Sunday afternoon concert
in Kangaroo Valley
kv-rp logo

Kangaroo Valley Hall, Kangaroo Valley, 2.30pm Sun Nov 23 2003

cellist David Pereira
and classical guitar duo
Rupert Boyd & Jacob Cordover

this charming concert raised over $1000 for the re-building of
East Timor through the
Kangaroo Valley-Remexio Partnership

Many thanks to the performers, who donated their time and talent to the East Timor cause!

thanks, too, to the Canberra School of Music,
and to all the people who assisted, particularly Belinda Webster,
who did most of the organisation as well as preparing and designing the printed program

tickets, $10 and $5 (concession), were available from Kangaroo Valley Newsagency, Moss Vale Rd

the program consisted of:

Suite for two guitars William Lawes [1602-1645]
Valses Poéticos for solo guitar Enrique Granados [1867-1916], arr. Rupert Boyd
four Preludes for solo cello:
twfrom Cello Suite no 1 in G major, BWV1007
twfrom Cello Suite no 2 in D minor, BWV1008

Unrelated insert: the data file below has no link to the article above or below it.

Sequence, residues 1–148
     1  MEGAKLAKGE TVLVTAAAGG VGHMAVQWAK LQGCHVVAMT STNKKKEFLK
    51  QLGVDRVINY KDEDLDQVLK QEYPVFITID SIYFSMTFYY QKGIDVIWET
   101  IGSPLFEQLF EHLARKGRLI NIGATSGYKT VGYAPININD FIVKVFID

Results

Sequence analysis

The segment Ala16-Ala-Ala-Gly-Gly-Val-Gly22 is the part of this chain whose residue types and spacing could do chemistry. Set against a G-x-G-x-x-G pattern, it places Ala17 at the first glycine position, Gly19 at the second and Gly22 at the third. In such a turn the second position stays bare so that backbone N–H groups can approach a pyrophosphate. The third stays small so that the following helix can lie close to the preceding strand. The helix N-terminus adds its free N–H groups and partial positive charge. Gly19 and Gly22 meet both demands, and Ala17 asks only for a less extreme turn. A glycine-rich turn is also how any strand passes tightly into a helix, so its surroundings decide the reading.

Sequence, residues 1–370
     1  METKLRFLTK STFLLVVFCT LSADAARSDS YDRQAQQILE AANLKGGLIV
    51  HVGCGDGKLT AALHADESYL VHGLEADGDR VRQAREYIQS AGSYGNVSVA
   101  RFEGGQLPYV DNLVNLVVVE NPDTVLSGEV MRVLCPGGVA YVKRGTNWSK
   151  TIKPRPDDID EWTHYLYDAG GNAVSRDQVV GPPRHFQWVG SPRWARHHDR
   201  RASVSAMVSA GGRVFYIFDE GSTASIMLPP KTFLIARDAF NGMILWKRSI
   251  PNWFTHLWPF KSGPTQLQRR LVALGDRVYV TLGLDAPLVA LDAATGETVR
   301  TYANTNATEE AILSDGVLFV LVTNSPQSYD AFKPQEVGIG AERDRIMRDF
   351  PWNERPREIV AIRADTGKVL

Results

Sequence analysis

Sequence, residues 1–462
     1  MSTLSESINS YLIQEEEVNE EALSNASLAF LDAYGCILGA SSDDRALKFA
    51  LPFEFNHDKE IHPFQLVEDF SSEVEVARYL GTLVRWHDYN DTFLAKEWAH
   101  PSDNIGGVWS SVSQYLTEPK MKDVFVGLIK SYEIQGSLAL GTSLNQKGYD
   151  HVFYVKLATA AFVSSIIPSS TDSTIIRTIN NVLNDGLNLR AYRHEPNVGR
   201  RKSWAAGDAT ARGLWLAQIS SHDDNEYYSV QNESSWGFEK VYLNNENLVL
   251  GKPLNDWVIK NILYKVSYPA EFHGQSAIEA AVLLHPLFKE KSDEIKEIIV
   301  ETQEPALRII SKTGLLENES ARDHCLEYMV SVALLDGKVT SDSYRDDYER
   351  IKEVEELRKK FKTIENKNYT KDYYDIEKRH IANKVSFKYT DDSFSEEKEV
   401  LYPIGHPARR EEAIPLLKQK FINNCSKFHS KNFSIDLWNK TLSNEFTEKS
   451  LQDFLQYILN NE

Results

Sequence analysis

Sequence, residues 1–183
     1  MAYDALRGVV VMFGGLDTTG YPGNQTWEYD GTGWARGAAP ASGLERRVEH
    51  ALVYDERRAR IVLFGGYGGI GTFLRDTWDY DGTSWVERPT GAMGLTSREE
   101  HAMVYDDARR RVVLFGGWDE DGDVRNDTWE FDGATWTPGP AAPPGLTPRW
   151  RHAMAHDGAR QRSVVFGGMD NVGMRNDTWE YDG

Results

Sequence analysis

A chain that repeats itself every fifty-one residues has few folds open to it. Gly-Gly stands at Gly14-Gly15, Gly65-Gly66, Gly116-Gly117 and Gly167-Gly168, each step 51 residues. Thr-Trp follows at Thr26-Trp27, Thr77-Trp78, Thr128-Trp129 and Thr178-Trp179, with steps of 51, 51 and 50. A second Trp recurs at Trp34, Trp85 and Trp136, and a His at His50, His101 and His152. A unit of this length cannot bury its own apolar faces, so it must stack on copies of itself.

twfrom Cello Suite no 3 in C major, BWV1009
twfrom Cello Suite no 6 in D major, BWV1012
J. S. Bach
Brindabella Night for solo cello David Pereira
Stélé for solo guitar Philip Houghton [b. 1954]
second movement of Kolele Mai for solo guitar
tw**first performance**
Martin Wesley-Smith [b. 1945]
Monte Carlo for solo guitar Peter Madlem [b. 1945]

program | photos | review | Pereira bio | Boyd bio | Cordover bio | KV-RP | top

from the concert:
Jacob Cordover David Pereira Rupert Boyd

A review by Jim Dorrington (from the Village Voice, Kangaroo Valley, December 2003):


Chamber music has been described as the making of music amongst friends. This seems to be the expectation of the folks gathered in the School of Arts (Kangaroo Valley Hall) recently to listen to David Pereira on 'cello and Jacob Cordover and Rupert Boyd on guitars. The first suite by William Lawes confirmed the expectation as the two guitars conversed and travelled together to create a quiet but vibrant mood.

The classical guitar is still sometimes referred to as the Spanish guitar and Rupert's playing of his own arrangement of the "Valses Poeticos" by Granados reflected their Spanish origins. Granados and his compatriot Albeniz wrote their music for the piano but must have soaked up guitar music into their young bones, as transcriptions of their music fit so well on the guitar.